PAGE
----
With Little Pomp or Fanfare, Practice is Underway: Is Earlier Better?Posted by BHayes on September 27th, 2013
Bennet Hayes is an RTC columnist. He can be reached @HoopsTraveler.
Aaand we’re back. Sort of. Today marks the official return of practice for college basketball players across the country, but unlike in years past, there will be no festive Midnight Madness celebration to announce that we are underway – at least not yet. A new NCAA initiative to allow programs more practice time before their opening games was passed this offseason, and teams are now able to use their 30 days of preseason practice over the span of six weeks, instead of the four weeks it had been in preseasons past. Great, you say — perhaps we will have a cleaner, more efficient brand of basketball ready for opening tip? That has to be the hope, as the extra time should allow for a smoother transition into the year, at least on paper. But in a sport where tradition and ceremony often delivers much of the impact, will the extra weeks of practice improve the play on the floor enough to offset a potential depreciation to the meaning of Midnight Madness?
It’s hard to know how direct a response this rule change is to the game scores that are getting lower and lower and the accompanying grumblings that are getting louder and louder, but it feels like an effort by the NCAA to raise early-season quality of play. While the actual practice time (30 days) remains the same, stretching it out over the course of six weeks should help keep players from feeling overwhelmed, and also offer them the chance to recover and work on individual skills on off days. Nobody is claiming these two weeks will advance basketball 10 years worth of quality, but there’s no way the extra time can’t help improve the product of November and December basketball.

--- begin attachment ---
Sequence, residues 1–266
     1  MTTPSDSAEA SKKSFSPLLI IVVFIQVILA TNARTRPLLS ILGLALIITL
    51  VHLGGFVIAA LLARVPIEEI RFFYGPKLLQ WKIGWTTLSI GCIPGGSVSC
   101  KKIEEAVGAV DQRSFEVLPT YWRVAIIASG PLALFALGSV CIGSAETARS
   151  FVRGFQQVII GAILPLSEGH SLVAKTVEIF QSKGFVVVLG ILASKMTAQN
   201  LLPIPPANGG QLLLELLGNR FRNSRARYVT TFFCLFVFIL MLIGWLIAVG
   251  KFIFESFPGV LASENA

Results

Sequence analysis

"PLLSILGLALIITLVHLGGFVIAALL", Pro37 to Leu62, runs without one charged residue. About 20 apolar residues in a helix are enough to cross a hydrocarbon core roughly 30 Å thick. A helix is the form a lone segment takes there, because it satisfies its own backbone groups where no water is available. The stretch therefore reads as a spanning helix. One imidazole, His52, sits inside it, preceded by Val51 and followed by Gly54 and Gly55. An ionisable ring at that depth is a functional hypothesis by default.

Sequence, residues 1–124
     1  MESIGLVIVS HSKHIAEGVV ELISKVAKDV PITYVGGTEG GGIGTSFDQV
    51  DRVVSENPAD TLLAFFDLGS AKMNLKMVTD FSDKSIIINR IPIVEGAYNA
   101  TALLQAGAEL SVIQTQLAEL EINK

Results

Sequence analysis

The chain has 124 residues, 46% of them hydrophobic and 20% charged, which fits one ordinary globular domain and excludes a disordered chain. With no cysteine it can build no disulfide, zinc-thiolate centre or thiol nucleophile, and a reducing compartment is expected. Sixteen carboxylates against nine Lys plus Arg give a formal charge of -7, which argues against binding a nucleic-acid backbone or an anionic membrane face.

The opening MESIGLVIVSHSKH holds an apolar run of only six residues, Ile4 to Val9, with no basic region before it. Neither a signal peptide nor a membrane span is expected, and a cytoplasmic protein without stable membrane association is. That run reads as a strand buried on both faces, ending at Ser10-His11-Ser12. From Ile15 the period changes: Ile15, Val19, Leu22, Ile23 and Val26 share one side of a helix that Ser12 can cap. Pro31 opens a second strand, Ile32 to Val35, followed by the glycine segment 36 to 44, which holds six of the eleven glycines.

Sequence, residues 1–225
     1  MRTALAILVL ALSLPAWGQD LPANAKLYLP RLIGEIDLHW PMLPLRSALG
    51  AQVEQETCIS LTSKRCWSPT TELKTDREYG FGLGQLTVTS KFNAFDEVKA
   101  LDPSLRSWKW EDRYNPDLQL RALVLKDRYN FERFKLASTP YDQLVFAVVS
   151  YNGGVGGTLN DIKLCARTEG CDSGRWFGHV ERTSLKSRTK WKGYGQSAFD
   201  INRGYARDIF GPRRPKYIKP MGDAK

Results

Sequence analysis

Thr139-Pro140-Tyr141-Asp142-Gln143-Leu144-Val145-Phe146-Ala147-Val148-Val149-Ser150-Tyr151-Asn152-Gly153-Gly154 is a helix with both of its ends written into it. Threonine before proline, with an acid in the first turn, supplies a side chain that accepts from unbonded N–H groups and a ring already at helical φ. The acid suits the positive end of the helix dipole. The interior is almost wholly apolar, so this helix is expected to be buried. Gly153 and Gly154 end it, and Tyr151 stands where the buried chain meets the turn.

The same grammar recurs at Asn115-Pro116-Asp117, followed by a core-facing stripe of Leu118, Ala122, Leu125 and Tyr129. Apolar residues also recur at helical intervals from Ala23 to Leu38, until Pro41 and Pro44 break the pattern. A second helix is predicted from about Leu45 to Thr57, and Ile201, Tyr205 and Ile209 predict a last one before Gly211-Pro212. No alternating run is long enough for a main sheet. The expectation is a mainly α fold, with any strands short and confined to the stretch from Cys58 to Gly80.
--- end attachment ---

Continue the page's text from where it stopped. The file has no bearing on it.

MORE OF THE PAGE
But at what cost? The most glaring tariff is a significant alteration to Midnight Madness. The very core of the event will be different this season, because after all, the gala was birthed as the tip-off for practice on campus. Most schools appear to be keeping the mid-October date for the celebration, but how much excitement will be lost with players already having been at practice for multiple weeks? Even the most ardent MM fan would have to admit that this now arbitrary date for the event has to make it feel slightly contrived, and as we drift further and further from the days where Midnight Madness equaled the beginning of the season, the event should only feel more artificial. I doubt we will be losing Midnight Madness anytime soon, but the purity of the celebration (what little was left) will take a hit here in 2013.
Quantifying the cost/benefit analysis won’t be easy – especially in year one – but the continued evolution of preseason practice, Midnight Madness, and early season competition will be something to keep an eye on over the course of the next few months. What matters most is the product on the floor when the bright lights come on, and a crisper, cleaner November of great college basketball should be more than enough to stifle any complaints about Midnight Madness. What’s more, if the policy shows early success, perhaps we are actually in the beginning stages of a far greater plan for the expansion of offseason practices. That possibility involves many more considerations than just the action on the floor, but with the anti-NCAA army growing louder and stronger, change feels like a better bet than constancy these days.